For example, centralized ledgers like QLDB don’t require a consensus mechanism like distributed ledgers do (more on that in a minute), which makes them faster, more efficient, and often cheaper to use as a verifiable data registry. Centralized ledgers have these benefits while retaining the core features of ledgers: immutability, transparency, and cryptographic verifiability.

Distributed Ledgers

A distributed ledger contains data that is replicated, shared, and synchronized across multiple systems or entities. You might be familiar with one kind of distributed ledger already: a blockchain. However, not all distributed ledgers are blockchains.

Distributed ledgers are useful because verifying the contents of the ledger is a group activity. In other words, when a ledger update is made, every group or person that’s working with the ledger (i.e., any entity running a “node”) adds the new transaction to their copy of the ledger. Once each copy of the ledger has the updated information, all the nodes come to a consensus on which copy is “correct.” Once a consensus has been reached, all nodes update themselves with a new and correct copy of the ledger.

While that may seem like a lot of trouble to go through to verify data in a database, this process comes with some valuable properties. For example, tampering with data in the database and trying to cover your tracks becomes very challenging. Depending on which distributed ledger technology is used, entries can be publically verified by comparing a value in a verifiable credential against the data as it appears in the ledger. This makes it easy for anyone to check to see if a credential has been altered.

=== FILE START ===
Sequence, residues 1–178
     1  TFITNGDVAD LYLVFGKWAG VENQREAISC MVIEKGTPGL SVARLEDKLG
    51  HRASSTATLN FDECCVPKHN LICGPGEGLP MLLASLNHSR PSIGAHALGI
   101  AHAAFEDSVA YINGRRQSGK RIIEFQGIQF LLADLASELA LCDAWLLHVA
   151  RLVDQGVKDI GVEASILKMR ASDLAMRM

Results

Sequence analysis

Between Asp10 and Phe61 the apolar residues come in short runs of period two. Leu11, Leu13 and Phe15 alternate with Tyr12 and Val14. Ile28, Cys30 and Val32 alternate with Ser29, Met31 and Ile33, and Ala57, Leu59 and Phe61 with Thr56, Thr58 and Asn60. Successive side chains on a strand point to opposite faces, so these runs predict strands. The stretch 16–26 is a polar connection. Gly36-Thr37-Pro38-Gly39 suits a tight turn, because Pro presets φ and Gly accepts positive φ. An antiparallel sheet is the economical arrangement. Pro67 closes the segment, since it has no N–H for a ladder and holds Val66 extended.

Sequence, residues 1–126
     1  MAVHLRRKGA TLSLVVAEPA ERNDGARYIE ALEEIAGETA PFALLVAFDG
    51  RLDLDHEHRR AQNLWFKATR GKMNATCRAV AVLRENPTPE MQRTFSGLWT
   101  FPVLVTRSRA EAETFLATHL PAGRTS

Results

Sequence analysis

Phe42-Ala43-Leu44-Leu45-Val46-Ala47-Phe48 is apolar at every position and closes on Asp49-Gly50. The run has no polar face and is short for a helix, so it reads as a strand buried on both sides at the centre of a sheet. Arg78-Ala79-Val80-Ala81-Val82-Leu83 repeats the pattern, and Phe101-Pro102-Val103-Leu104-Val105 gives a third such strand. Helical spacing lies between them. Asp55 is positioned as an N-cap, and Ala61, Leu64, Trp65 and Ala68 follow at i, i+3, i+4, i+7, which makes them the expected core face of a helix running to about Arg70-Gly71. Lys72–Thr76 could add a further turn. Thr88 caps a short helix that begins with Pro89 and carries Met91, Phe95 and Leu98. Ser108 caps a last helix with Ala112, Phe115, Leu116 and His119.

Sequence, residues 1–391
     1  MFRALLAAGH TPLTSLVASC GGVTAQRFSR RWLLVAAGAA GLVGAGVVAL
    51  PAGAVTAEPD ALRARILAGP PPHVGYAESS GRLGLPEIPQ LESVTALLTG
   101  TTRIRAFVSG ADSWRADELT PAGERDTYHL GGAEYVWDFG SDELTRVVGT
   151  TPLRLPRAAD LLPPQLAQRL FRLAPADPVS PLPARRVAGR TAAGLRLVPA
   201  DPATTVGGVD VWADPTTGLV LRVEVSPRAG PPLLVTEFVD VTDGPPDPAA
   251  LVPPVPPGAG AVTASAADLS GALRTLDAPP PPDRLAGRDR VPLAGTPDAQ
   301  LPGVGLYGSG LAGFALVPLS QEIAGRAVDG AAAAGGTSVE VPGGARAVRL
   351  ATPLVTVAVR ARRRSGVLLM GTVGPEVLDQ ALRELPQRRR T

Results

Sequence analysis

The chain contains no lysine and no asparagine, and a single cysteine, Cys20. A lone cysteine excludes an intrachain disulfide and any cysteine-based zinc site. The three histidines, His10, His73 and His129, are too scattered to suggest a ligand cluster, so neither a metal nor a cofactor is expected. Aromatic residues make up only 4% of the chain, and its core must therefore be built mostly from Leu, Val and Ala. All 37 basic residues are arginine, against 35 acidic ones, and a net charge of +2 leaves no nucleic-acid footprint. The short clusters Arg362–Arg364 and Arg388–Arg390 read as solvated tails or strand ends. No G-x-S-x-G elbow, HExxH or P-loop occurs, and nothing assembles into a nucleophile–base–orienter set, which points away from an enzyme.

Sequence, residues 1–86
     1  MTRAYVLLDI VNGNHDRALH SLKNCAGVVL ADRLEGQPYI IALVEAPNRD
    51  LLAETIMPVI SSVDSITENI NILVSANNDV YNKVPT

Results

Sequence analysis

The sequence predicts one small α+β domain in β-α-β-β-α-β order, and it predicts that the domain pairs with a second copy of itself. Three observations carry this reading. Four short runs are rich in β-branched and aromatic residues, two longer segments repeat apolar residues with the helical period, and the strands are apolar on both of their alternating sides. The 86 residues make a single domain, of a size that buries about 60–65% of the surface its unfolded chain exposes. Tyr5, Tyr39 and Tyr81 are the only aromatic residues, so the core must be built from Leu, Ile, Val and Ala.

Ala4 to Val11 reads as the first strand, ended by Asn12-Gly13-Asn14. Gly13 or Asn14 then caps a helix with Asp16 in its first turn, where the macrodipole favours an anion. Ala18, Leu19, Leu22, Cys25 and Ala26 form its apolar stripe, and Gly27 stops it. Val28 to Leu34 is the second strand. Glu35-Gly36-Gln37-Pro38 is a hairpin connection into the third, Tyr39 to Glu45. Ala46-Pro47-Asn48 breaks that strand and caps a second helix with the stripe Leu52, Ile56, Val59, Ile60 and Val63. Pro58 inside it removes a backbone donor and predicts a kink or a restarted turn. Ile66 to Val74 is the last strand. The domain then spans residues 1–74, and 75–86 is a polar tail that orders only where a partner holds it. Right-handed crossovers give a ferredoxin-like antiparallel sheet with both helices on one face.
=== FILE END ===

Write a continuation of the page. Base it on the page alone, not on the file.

Blockchains are a specific kind of distributed ledger. A blockchain is a ledger made up of “blocks” that are cryptographically linked together, a quality specific to blockchains. Each block contains a “cryptographic hash” of the previous block which “chains” together each block (hence, “blockchain”). For our purposes it’s important to note that blockchains and distributed ledgers have similar qualities.

Blockchains (and distributed ledgers more broadly) are useful when you want all of the qualities of a ledger and you don’t trust a centralized authority to manage the ledger. While most people think of “cryptocurrency” when they think of blockchains, logging cryptocurrency transactions are just one of a wide range of activities that can be performed on a blockchain. In other words, there are many uses of blockchains beyond logging cryptocurrency transactions, including storing information about verifiable credentials.

Ledger Use-Cases

The major downside of blockchains and distributed ledgers are their inefficiency. As described above, the consensus process is long and arduous. For specific use-cases where data must be publicly available and no decentralized authority is a requirement, a blockchain is a suitable option as a verifiable data registry.

Transmute’s Approach

At Transmute we support a variety of blockchain and non-blockchain ledger technologies. We believe that a mix of both blockchain and non-blockchain tools allows our customers to make informed decisions about how and where their data is stored. Different kinds of distributed ledger technologies come with different trade-offs, and we’d be happy to help explain which of these technologies is best suited for your business use-case.